Japan, the world's largest provider of official development assistance since 1992, likely will keep its preeminent position this year. The East Asian economic crisis, a regionwide debacle triggered by the devaluation of the Thai baht in mid-1997, prompted Tokyo to launch a major rescue effort worth some $80 billion. In line with traditional policy, funds were pumped into infrastructure and "development" projects. Recently, however, growing fiscal pressures, emerging questions about the impact of this type of aid on the poorest segments of recipient nations and waning domestic support for huge overseas assistance programs have spurred influentials both inside and outside the government to call for a wholesale reform of Japan's ODA policy.
Thus, new priorities and directives for ODA have been established. This year's program emphasizes initiatives that serve Japan's national interest, protect the environment, alleviate social problems and ensure efficient utilization of funds. A host of changes will be made not only in administrative procedures but also in fundamental perspective. Instead of pouring funds into traditional infrastructure projects, Tokyo will carefully spend its money on projects that reach the grass roots. Such improvements are designed to make the development process more humanistic as well as to boost domestic understanding and support for Tokyo's substantial aid program.
The ODA budget for FY 2000 reflects these new priorities and includes provisions for new types of social and environmental programs. For improved efficiency, other initiatives have been introduced to enhance transparency and to expand monitoring activities. If all goes according to plan, Japan's aid program will undergo a major transformation and emerge as a better institution in the new millennium.
MOF'S DEBT MANAGEMENT TAKES A NEW
--- by Douglas Ostrom
Tokyo's management of Japan's public-sector debt is unique in its ability to scare or at least confuse analysts on both sides of the Pacific. That reality was highlighted by the flap in late January and early February over a government plan to borrow money from the nation's commercial banks. The proposal raised eyebrows because Tokyo, like Washington, almost always prefers the generally cheaper option of issuing government securities when it needs money. Moreover, the Ministry of Finance will raise real money to the tune of ¥8 trillion ($72.7 billion at ¥110=$1.00) in this fashion during the fiscal year that begins April 1.
JAPANESE BANKS PAST WORST OF
--- by Jon Choy
The Financial Supervisory Agency's latest loan portfolio survey of domestic banks, which covered the April 1, 1999-September 30, 1999 period, revealed improvements almost across the board. As a group, nationwide banks, top regional banks and their smaller counterparts clearly rid their books of problem loans in FY 1999's first half. Another unambiguous development was apparent, however: banks reduced their overall loan commitments. This result almost certainly reflected the hard lessons that bank executives learned from the nonperforming-loan crisis that has wreaked havoc with traditional banking operations in recent years. Only time will tell whether the newfound caution translates into sound lending practices that help the economy restructure or produces overly conservative decisions that could retard a sustained recovery.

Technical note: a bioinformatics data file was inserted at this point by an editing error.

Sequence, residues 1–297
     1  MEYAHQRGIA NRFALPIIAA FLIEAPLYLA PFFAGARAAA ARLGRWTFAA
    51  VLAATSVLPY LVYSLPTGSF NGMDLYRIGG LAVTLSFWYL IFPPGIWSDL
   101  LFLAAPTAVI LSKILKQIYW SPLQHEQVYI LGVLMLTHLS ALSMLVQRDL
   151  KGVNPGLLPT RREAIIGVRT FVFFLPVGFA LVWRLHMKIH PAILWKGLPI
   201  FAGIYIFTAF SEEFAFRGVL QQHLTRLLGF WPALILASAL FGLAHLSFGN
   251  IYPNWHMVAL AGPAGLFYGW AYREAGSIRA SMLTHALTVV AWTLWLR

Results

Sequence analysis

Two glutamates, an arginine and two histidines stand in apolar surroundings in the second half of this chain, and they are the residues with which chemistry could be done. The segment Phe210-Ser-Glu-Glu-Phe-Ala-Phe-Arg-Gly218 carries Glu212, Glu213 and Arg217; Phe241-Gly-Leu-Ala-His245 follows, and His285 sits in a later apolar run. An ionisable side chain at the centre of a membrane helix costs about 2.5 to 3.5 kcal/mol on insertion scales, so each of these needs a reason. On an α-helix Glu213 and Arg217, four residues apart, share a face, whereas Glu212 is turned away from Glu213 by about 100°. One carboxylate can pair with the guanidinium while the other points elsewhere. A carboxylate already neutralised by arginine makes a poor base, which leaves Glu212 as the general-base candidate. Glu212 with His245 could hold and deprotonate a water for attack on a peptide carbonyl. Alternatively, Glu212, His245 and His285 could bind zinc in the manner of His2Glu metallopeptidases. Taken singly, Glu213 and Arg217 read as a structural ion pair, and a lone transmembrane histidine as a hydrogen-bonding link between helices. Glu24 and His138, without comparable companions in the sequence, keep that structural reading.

VICTORIES OF COALITION-BACKED CANDIDATES
IN LOCAL RACES BOOST OBUCHI GOVERNMENT
--- by Barbara Wanner
Pundits who had maintained that Prime Minister Keizo Obuchi's days in office were numbered following the controversial decision to ram a Diet reform measure through the legislature February 2 have been forced to revise their forecasts. In a gubernatorial election in Osaka prefecture and a mayoral race in Kyoto, both held four days later, candidates backed by the three ruling parties the Liberal Democratic Party, the Liberal Party and the New Komeito trounced their opponents, who either ran as independents or were endorsed by the Japan Communist Party.
INDONESIA REGAINS SUPPORT OF
--- by Marc Castellano
International donors pledged up to $4.7 billion in aid for Indonesia at a February 1-2 meeting of the Consultative Group on Indonesia, organized by the World Bank. Japan, Indonesia's most important provider of development assistance, offered $1.6 billion, while the World Bank committed $1.5 billion and the Asian Development Bank pledged $1.1 billion. The balance will come from the nearly three dozen other countries and international organizations that make up the group. The money will be disbursed during FY 2000. About $1 billion of the total is new funding; the rest represents a restatement of previous commitments.
Progress was elusive in the early phases of both the 1997-98 and the 1998-99 round of talks under the U.S.-Japan Enhanced Initiative on Deregulation and Competition Policy the forum the White House devised for capitalizing on Tokyo's stated commitment to deregulation and structural reform to promote changes in conditions of competition of particular interest to American businesses. If anything, the going is even slower in the final cycle.